Maoriland Worker, Volume 12, Issue 259, 25 January 1922, Page 5
Sent by Evelyn Sliazp for' ihe Foreign Editor the Lo_a~ doa '"Bally. Herald"
November 16, 1921. The Cam^oMag-i.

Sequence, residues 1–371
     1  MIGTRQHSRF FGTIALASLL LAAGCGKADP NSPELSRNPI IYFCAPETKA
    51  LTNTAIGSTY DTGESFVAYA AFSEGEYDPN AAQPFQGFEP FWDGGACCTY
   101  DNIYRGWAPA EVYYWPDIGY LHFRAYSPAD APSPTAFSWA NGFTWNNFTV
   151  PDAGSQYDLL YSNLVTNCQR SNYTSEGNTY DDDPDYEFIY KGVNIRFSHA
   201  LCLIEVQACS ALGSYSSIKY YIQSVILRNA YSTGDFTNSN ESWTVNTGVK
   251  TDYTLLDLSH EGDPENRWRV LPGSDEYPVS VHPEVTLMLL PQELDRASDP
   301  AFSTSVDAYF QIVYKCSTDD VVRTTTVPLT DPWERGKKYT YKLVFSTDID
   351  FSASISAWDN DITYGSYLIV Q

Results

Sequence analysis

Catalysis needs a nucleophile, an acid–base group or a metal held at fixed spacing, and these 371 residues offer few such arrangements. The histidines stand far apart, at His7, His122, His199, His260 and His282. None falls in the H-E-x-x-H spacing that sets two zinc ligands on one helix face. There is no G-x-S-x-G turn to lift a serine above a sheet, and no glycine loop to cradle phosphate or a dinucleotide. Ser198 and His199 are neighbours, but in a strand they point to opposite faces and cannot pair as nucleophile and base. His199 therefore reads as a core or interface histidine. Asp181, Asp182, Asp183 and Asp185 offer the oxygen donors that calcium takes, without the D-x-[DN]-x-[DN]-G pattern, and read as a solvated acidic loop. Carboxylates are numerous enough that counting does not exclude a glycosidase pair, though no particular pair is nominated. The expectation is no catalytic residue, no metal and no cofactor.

One has to by -very optimistic, and a little blind, to echo tha cheers of the Washington Conference over Mr. Hughes' opening pronouncement of Naval Armament limitation. It is i true enough that to cut down even j capital ships is something. It mean 3 i a certain economy in swords, which,! if beaten at ouce into plough-shares may mean also a step taken towards; reconstruction instead of destruction, i It means' a check to the ntad race in armaments, which, was leading the world headlong to ruin aad bank-; ruptcy. But -Labor may be forgiven i for not' thinking that it means more than that, or even ,&s much as that In view of rumours that "'counter- j proposals'' are to foa submitted by I the British. If America's proposal is, however, accepted as it stands, how far does that take us towards world peace, which, after all, is what' the cheers at Washington envisaged? The demand for the consideration of; land armaments is a sound one from i our point of view, .as well aa Europe's. Ag long 'as navies are lira- ited, but not armies or aeroplanes, j Franca may merely gain the suprem- acy that we lo.se under, the arrange- ment. With Germany disarmed, France is now the predominant land foro.e in Europe, backed as she is 'by h*r satellites in Poland, Serbia and; Roixmanitt. Economy .in building ships, though estimable from the standpoint <>i economy, is not going o stop the nest war, though it may j alter its character and its battle- j ground. j i Peace and Policy It would be idle to shut one's eyes to the fact that unless we stop pranking wars means will always be found to carry on wars. Tha other day. Doctor Lyttelton, '.x-headmasler of Kton College, stated in a speech that HE KNEW FOR A FACT THAT THE WAR OFFICE AUTHORITIES HAD REQUESTED THS LEADING SCIENTIFIC EXPERTS AT OX-' FORD AND CAMBRIDGE TO PRO-; CEED WITH THE OF j A GAS CALCULATED TO A?.NIHIL-j ATE A WHOLE TOVt'N IN A FEWj MINUTES. IT IS r U> THEIR; CREDIT THAT THEY REFUSED,! but the request shows what we may expect to happen if navies alone are i reduced. Transference of armament j making to State control from priv- j ate control would do inert, in Labor's i eyes to stop the next war than perhaps any other single material action. But when all is said and done, is the only real determining factor in bringing about worfd peace or world war. And British policy at the moment is scarcely .encouraging i in this direction. j